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Pmsfl kids moneyguide

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  • 1. Game or bike? Movie or shoes? Chocolate sundae with extra rainbow sprinkles on top? One of the best things about having your own money is that you get to decide how to spend it. Whether you get a weekly allowance, receive birthday cash or gift cards, or find a quarter on the street, your first task to handling your money well is to think about short-term and long-term goals. Then make a plan to reach them! It takes a bit of practice to become great with money, just the like it took a little practice to learn to ride a bike. But once you get hang of it, you’ll be ready to tackle all sorts of money twists and turns. Race ya to the bank!
  • 2. THE GOAL of an allowance is to learn to manage money wisely. The amount of your allowance should be based on what you need, not how you behave. (You already behave right … right?) Kids listen up! Allowances are different for every family. Your goal is to learn to manage any amount of money, big or small. Older kids usually get more allowance than younger kids. Don’t worry, you’ll be older soon! Parents take charge! ses (toys, Allowance is easy to figure out. Track your kids’ discretionary expen es, clothes). mobile devices, candy) and non-discretionary expenses (school lunch Decide which expenses you want them to manage. Set a reasonable amount for each category. Increase allowance as your child becomes more confident. Don’t worry if they make mistakes. That’s part of the learning process! How does your allowance compare to what your parents got when they were kids? Find out at www.practicalmoneyskills.com/allowance. ASK ANDREW Q: Can I get an allowance for doing chores? A: Nope! Do them anyway. Q: Being nice to my brother = allowance? A: Not! Try kindness every day. Who pays? You pay! It’s YOUR allowance: Candy Music downloads Mobile phone MP3 player Movies Video games Birthday gifts Baseball cards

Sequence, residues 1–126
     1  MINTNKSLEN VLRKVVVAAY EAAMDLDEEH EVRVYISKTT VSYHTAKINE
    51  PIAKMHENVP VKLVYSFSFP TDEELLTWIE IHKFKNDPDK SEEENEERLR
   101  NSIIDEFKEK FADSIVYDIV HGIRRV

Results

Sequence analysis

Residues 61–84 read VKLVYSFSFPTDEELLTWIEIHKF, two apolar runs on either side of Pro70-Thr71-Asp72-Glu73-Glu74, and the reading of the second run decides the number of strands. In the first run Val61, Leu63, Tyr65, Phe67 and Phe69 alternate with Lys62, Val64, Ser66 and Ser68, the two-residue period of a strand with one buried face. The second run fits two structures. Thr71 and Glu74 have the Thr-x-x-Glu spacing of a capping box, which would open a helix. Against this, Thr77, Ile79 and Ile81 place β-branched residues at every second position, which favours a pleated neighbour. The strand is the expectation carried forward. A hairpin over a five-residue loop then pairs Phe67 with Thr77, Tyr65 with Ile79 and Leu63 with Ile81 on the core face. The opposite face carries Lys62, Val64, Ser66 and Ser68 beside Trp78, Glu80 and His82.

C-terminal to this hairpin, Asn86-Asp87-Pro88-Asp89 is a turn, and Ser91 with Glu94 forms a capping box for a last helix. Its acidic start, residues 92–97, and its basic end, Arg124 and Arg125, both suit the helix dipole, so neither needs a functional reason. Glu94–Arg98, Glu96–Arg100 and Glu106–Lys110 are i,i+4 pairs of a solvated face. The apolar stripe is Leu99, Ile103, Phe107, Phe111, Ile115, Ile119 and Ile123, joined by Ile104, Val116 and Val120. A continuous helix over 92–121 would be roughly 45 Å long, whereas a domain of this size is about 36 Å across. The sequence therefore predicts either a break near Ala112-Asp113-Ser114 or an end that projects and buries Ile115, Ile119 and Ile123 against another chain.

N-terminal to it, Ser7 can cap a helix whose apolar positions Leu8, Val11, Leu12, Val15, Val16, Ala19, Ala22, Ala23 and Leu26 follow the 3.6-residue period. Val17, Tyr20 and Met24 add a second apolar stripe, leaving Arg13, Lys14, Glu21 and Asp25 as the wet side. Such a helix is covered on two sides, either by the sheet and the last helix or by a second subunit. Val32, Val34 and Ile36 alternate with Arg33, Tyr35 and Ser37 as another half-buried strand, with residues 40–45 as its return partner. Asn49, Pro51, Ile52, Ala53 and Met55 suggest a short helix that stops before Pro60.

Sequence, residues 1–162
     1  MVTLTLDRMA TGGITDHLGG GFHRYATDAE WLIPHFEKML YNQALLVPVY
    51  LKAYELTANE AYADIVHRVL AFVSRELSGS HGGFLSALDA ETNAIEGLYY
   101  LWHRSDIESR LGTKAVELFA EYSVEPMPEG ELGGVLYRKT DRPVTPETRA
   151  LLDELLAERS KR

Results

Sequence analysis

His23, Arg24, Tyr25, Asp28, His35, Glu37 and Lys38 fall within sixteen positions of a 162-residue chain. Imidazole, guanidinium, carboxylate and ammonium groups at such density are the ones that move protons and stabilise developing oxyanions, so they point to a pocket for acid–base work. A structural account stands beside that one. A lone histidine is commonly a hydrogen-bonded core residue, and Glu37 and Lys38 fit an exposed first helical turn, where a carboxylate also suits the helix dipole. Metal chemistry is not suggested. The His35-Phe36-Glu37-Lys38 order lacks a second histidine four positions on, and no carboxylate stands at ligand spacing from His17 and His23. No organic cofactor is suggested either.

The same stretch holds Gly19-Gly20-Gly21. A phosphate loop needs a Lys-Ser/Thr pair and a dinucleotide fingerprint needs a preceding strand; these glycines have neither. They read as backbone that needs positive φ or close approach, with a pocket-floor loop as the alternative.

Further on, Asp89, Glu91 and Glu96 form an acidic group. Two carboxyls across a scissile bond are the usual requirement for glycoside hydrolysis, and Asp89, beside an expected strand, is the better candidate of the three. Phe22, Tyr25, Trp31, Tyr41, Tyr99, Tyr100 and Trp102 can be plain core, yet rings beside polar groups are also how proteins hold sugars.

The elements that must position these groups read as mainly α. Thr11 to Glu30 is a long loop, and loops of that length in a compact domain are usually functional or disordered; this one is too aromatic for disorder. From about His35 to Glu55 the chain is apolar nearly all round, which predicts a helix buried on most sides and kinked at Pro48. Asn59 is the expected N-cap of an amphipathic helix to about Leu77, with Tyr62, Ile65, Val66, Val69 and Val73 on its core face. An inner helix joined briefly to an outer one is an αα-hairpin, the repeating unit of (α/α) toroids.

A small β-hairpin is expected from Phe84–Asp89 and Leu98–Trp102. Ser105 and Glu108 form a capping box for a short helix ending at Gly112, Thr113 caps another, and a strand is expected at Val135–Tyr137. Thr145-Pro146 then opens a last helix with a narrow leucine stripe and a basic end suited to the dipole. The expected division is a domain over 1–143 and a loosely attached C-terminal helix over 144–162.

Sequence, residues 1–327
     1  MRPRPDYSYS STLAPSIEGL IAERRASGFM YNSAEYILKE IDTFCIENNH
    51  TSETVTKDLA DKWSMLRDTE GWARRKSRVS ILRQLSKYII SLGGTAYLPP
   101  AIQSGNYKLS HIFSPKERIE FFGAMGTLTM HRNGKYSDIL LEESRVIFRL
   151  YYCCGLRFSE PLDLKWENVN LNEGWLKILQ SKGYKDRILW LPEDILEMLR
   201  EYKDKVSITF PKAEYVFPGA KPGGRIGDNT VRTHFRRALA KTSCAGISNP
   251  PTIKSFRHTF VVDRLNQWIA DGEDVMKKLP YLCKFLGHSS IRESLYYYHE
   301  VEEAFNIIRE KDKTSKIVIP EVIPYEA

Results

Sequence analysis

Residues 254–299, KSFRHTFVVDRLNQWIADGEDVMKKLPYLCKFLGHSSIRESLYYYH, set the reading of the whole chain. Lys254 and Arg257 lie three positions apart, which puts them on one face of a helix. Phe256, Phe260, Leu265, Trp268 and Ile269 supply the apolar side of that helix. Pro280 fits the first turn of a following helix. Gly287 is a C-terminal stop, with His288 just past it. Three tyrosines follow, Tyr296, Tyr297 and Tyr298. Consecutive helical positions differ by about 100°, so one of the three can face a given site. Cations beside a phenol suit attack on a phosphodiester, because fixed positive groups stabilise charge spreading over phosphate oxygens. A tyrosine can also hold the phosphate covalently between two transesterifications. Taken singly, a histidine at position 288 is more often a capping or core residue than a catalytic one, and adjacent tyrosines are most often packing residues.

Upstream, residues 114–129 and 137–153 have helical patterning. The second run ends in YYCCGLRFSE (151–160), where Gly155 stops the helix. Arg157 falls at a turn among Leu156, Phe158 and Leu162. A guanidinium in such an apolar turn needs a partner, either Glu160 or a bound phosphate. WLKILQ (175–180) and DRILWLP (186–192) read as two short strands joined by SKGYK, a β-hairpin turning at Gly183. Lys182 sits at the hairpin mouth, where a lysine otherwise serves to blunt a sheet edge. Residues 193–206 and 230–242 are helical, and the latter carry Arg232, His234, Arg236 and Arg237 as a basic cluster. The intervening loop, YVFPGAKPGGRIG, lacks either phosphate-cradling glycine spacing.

• 3. Hurry, don’t be late for class! Okay, so right now you may be stuck in the third row for geography class. But here’s a top-secret tip about learning: getting an education is like getting an all-access fun pass. The more you learn, the more things you can do and the more places you can go. How ‘bout volunteering? — Fast Fact Although the average cost of college tuition and fees is $46,000 over four years, having your college degree may greatly increase your earning potential. Over a lifetime of work, college grads earn about $1 million more than high school grads! A volunteer position is a great way to learn about teamwork, leadership and real-life job skills. Local animal shelters, retirement homes and parks and recreation departments are often looking for volunteers. Look online or ask about volunteer opportunities at organizations in your neighborhood. Get up-to-date info on banking, financial aid, student loans — even back-to-school budgeting. Check out www.practicalmoneyskills.com.
  • 4. Pizza? Or Pizza AND a movie? You need a budget! Monday and Let’s say your allowance is $20 this week. You go to the movies on you’re out of cash! spend it all (oops!). On Saturday your friends want to get pizza. But If you had followed a budget, you could have planned for two activities during the week: $10 x 2 = $20. Now what? Sell some of your favorite video games to friends? For example, you Budgets are really helpful when you need to save up for something. you focus on how want a new digital camera for summer vacation. A budget will help That digital much to save and for how long. Waiting to buy can work in your favor. in just a few camera you’ve had your eye on? It could go on sale and cost way less months’ time. Charity Cash 10% 30% YOUR PENNIES ARE LIKE A PIZZA. Break down your spending Senator, is that like that pie! pepperoni I smell? Savings 30% College 30% Play free money games and puzzles. Check them out by visiting www.practicalmoneyskills.com and clicking on Games.